One thing that’s rather wonderful about him is a lovely obtuseness. He is the first-person narrator of the story, and his realizations and brainstorms are realistically handled in such a way to clue the reader in. He’s a very good character; I hope he has better surroundings in another book.

Something I kept wondering about, which I know very little more about than that it existed, is the code of sumptuary laws. I first discovered them when I was getting into Renaissance Faires, when it surprised me that if I wanted to be historically accurate I had to decide where in society my persona fell and dress accordingly, avoiding certain fabrics and certain colors. (From 1562: No Englishman other than the son and heir apparent of a knight, or he that hath yearly revenues of £20 or is worth in goods £200, shall wear silk in or upon his hat, cap, night cap, girdles, scabbard, hose, shoes, or spur-leathers, upon forfeiture of £10 for every day, and imprisonment by three months.) Yet Gabriel’s sister wears the finest silk day in and day out.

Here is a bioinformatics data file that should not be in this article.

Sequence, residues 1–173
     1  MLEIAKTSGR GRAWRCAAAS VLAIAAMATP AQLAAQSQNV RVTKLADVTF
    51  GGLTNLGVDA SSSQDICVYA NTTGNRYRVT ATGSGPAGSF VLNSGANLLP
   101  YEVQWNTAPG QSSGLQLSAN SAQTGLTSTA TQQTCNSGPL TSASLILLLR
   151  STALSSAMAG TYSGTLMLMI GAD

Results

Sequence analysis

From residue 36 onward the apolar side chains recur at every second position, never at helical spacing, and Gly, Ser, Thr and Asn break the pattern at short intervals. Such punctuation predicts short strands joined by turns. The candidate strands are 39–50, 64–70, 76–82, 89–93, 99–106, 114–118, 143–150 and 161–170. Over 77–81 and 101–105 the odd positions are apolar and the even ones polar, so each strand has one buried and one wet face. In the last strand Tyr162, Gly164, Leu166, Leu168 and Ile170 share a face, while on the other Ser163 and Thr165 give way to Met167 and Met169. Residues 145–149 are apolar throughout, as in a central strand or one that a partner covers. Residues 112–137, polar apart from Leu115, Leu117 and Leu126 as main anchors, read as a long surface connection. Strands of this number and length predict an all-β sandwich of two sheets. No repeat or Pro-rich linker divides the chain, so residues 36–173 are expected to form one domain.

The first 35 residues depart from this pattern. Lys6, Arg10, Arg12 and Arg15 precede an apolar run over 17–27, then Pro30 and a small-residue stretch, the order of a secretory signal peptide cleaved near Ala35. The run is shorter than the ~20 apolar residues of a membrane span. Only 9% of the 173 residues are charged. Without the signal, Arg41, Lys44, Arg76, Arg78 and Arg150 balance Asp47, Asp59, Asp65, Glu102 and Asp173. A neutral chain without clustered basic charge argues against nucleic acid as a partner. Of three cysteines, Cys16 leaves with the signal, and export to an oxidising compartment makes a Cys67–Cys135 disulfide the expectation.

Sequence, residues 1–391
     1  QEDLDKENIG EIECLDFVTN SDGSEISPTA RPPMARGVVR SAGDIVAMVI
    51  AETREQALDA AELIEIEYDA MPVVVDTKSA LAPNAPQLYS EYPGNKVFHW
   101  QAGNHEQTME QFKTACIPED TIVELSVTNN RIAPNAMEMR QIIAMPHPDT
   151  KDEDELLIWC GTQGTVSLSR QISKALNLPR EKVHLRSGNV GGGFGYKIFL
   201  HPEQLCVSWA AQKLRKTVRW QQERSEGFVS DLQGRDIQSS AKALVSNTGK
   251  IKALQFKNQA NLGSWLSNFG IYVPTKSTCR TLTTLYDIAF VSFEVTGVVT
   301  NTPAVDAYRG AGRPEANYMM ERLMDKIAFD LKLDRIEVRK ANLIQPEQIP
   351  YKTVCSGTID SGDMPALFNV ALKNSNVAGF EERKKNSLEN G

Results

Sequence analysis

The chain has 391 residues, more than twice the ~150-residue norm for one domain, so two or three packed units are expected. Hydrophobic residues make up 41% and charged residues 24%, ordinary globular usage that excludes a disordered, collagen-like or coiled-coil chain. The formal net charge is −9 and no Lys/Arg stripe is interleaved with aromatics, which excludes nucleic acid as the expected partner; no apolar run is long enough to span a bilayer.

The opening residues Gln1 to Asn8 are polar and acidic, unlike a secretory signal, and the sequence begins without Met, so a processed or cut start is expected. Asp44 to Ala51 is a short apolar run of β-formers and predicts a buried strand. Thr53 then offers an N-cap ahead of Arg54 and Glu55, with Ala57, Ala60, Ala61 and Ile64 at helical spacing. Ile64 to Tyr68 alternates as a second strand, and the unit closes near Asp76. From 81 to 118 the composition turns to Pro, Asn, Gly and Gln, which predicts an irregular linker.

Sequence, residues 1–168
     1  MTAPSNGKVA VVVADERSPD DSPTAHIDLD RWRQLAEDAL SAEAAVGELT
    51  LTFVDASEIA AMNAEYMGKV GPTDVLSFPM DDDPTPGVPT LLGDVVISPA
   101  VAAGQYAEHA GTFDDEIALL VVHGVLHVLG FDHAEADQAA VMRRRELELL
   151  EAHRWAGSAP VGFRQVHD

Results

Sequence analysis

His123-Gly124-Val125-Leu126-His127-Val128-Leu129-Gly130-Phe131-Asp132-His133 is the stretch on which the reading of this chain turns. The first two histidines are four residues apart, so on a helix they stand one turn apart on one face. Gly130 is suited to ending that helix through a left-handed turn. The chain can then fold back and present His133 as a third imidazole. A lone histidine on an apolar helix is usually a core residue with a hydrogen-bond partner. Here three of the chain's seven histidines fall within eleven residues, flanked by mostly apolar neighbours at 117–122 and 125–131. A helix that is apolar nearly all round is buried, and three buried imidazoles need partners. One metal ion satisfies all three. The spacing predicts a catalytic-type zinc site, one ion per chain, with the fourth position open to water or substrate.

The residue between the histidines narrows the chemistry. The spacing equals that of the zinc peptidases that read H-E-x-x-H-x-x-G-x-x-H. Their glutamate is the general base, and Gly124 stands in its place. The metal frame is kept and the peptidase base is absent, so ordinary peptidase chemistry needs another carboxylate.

There were a handful of off words sprinkled throughout – I don’t, for example, think that someone would refer to a man as being “broke”, meaning penniless. (Then again, maybe they would – the adjective has a surprisingly long history. I wouldn’t have thought it, and I think I’d avoid it because it doesn’t sound right.) “Frenchie”; “get over it” – these were the ones I made note of. Borderline – and as such, enough to take me out of the story just a bit.